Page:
Increasing stability in the inverse problem for the Schrödinger equation
AdvisorIsakov, Victor, 1947-
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The Schrödinger equation is a partial differential equation that describes how the quantum state of a physical system changes with time. It was formulated in late 1925 by the Austrian physicist Erwin Schrödinger. The study of the inverse problem for the Schrödinger equation focuses on finding the potential c from the prescribed boundary condition, which is generally given as Cauchy data containing both solution on the boundary and its normal derivative, or the Dirichlet-to-Neumann operator which maps the solution on the boundary to its normal derivative. The result of research has direct application to optical tomography, which is an inverse problem of reconstructing medical images through transmission of light. More precisely, one can detect cancer by recovering the absorption and scattering coefficients in the transport equation. The paper  discussed the simplification of the transport equation into the Schrödinger equation. Optical tomography with partial data is considered extremely valuable, since we do not have access to the full boundary in real application. The research in the dissertation assumes partial data, which can be applied to breast cancer detection. The main result of this dissertation demonstrates the increasing stability phenomenon in the inverse problem for the Schrödinger equation with partial data. We establish the theorem which contains the stability estimate bound for c. The bound decays as the energy k grows in a certain interval, and hence shows a better stability of recovering c there. In addition, we found a numerical algorithm for the linearized (simplified) inverse problem by using the Neumann-to-Dirichlet boundary map. The algorithm gives numerical evidence of increasing stability, which confirmed the theoretical prediction. The proof of uniqueness for this inverse problem was established before. The proof used almost exponential solution for the Schrödinger equation and the Fourier transform of c. A similar technique will be used in this dissertation to obtain the stability bound, but our choice of ζ in the almost exponential solutions is new.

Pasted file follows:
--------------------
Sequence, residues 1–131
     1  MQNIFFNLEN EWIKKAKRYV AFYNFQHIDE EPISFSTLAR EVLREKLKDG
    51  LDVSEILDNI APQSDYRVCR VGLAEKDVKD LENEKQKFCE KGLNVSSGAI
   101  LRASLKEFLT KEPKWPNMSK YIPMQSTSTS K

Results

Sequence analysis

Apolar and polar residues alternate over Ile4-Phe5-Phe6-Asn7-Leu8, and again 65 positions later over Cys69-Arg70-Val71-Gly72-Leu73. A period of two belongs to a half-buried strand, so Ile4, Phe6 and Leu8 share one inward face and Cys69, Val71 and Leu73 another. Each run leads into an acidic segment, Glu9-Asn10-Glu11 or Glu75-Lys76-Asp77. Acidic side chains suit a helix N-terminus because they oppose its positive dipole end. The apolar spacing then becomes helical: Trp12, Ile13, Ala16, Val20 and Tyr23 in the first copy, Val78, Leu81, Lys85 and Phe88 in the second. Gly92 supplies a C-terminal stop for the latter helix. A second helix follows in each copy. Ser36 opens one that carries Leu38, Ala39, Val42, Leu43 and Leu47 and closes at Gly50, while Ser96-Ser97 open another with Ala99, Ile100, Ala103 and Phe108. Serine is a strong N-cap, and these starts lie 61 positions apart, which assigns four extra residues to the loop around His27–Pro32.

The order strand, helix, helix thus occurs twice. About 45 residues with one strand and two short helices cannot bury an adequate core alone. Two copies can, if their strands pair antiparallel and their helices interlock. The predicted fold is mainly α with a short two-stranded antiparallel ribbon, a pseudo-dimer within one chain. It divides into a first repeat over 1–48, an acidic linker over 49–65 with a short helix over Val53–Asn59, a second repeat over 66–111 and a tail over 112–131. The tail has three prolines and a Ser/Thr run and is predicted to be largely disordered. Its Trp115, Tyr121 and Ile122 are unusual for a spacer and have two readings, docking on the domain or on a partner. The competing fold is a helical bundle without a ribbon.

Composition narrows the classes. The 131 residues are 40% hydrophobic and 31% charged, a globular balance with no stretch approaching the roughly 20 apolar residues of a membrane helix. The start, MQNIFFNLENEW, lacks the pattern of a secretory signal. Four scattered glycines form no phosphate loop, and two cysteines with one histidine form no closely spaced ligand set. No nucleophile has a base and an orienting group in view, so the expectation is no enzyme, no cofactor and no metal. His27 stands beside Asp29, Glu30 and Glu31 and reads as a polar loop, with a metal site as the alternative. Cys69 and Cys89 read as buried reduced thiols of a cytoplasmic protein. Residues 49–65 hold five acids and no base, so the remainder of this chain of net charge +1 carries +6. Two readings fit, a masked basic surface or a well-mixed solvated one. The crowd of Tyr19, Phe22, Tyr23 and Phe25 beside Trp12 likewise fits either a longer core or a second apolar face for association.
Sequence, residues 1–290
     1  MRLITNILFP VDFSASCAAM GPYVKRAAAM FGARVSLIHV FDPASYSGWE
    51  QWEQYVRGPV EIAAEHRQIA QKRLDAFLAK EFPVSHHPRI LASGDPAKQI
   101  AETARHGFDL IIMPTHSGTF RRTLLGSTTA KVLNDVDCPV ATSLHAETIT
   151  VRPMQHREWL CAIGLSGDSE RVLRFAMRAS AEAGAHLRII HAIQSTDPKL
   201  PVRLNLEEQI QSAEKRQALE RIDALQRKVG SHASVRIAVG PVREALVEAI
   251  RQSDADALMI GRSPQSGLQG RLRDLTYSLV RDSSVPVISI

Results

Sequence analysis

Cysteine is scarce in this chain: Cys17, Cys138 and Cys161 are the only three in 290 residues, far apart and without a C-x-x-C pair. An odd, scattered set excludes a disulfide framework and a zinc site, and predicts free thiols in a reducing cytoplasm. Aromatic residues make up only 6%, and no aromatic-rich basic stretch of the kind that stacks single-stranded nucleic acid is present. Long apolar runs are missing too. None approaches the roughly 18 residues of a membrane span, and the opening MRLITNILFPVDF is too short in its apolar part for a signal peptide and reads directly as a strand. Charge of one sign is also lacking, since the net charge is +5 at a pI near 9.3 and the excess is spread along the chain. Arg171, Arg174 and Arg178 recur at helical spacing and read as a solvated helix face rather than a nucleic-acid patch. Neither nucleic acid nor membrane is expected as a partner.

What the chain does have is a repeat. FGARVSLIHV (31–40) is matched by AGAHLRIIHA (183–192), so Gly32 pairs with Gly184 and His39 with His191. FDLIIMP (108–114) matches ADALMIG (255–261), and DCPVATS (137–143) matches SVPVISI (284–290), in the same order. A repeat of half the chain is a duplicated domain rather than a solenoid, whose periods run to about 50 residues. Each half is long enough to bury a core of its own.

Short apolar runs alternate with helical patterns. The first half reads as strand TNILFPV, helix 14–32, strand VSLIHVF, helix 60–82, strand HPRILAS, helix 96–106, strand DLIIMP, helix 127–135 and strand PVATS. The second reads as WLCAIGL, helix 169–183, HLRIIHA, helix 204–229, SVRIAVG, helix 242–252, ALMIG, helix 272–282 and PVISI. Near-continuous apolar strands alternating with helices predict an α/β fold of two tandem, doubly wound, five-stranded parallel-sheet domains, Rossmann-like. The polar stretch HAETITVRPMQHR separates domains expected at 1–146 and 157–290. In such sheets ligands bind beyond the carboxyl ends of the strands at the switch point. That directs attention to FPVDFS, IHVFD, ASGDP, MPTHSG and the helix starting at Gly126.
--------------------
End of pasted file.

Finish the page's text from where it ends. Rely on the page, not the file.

Thesis (Ph.D.)-- Wichita State University, Fairmount College of Liberal Arts and Sciences, Dept. of Mathematics, Statistics, and Physics